Secret government documents and emails reveal that a $214 million CDC bioterror germ lab in Atlanta has had repeated problems with airflow systems designed to help prevent the release of infectious agents. The lab is violating basic laboratory operating standards, which is used for experiments with anthrax, dangerous strains of flu, SARS, monkeypox and other microbes that have the potential to be used as bioweapons.
CDC engineers have raised concerns about the air containment systems in emails since 2010, and in February, air from the lab briefly blew out into a "clean" corridor where a group of visitors weren't wearing any protective gear.
The CDC is responsible for inspecting its own labs, and in the June 13th edition of USA Today, Alison Young quotes CDC safety manager William Howard as saying, "Bottom line is we can't continue to operate the building the way it is--if a lab inspector finds out air is moving this direction they will shut this place down."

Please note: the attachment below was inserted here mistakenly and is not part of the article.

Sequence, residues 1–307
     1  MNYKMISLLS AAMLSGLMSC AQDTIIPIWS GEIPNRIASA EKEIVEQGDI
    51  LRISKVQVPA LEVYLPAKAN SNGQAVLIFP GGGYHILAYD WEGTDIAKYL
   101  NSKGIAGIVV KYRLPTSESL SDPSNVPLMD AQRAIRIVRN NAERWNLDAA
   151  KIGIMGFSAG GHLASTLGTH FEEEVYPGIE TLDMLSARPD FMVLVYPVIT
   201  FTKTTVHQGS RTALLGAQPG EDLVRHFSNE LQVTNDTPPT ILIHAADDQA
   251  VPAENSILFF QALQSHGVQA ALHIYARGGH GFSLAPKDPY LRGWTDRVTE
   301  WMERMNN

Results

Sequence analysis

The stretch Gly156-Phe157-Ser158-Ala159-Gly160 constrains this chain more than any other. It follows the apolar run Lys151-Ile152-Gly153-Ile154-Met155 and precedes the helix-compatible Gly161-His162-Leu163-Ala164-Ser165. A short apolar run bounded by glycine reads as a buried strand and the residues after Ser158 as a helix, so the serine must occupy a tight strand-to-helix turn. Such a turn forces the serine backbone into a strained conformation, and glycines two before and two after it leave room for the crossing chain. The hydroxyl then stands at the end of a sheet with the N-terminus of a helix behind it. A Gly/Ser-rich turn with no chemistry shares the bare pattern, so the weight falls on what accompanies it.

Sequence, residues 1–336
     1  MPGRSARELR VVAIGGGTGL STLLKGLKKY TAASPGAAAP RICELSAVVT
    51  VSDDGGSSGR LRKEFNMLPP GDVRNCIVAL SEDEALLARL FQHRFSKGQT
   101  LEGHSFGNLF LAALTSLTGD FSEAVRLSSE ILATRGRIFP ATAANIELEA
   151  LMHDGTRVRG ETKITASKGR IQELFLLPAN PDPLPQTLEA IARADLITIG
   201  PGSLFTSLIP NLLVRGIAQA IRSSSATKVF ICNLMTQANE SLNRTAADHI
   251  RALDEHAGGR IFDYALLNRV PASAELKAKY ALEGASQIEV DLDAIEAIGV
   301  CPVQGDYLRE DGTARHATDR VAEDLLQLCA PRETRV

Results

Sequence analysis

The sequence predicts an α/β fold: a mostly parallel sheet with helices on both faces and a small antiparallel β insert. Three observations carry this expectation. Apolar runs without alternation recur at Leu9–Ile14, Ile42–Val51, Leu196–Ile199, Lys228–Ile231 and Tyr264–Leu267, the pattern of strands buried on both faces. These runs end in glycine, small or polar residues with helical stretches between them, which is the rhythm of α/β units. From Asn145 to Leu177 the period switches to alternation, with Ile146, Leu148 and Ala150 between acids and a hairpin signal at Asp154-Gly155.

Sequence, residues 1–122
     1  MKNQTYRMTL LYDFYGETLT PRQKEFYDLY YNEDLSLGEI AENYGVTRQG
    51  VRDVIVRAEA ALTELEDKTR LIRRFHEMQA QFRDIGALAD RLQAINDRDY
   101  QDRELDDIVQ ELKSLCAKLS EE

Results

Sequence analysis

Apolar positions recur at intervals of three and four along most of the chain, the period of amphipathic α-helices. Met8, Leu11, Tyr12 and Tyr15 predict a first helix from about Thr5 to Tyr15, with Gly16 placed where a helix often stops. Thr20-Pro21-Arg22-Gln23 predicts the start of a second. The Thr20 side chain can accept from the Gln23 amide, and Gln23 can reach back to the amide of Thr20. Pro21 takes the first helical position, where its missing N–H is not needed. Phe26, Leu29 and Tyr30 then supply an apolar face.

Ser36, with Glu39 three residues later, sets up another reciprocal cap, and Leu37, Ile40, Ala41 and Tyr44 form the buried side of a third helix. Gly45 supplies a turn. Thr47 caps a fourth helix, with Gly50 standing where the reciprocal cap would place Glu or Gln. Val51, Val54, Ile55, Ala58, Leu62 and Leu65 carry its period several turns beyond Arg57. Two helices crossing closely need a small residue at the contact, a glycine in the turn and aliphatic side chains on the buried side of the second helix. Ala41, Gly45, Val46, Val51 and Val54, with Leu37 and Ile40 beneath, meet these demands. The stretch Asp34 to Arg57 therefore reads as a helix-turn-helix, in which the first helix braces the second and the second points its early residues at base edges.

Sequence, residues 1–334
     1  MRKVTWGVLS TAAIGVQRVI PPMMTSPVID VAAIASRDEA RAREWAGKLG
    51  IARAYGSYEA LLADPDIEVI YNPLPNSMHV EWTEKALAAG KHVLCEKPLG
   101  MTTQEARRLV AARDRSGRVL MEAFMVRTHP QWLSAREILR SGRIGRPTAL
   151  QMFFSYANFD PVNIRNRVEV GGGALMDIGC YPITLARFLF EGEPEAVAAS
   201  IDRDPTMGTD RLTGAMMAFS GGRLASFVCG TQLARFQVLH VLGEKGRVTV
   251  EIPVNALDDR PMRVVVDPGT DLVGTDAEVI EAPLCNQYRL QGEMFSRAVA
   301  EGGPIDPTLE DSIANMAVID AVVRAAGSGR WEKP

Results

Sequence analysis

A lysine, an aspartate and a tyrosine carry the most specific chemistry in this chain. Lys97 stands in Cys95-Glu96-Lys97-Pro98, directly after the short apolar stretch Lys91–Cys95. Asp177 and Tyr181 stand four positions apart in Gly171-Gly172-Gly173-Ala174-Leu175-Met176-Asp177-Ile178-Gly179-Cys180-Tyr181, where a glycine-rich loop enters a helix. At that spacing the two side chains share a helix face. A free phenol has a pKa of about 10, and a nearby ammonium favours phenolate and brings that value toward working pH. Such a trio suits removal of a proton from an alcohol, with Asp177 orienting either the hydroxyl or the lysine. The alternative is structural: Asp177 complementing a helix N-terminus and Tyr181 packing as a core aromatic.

Young quotes biosafety expert Richard Ebright, who has read excerpts from the CDC documents, as saying that they "raise serious concerns. There appear to be significant irregularities" (of the type that CDC inspectors) "would flag as major violations in inspections of non-CDC facilities."
They have already had some disturbing incidents: In 2007, backup generators didn't work to keep airflow systems working during a power outage. In 2008, inspectors noted that a high-containment lab door was still sealed with duct tape, which was applied a year earlier, whena ventilation system malfunctioned and pulled potentially contaminated air out of the lab and into a "clean" hallway. After that incident; nine CDC workers were tested for potential exposure to Q fever bacteria, but none were infected.
Rather than dangerous germs blowing out into nearby areas, the main concern is that germs will infect CDC workers, who will then carry them back into their neighborhoods, spreading the contagion.
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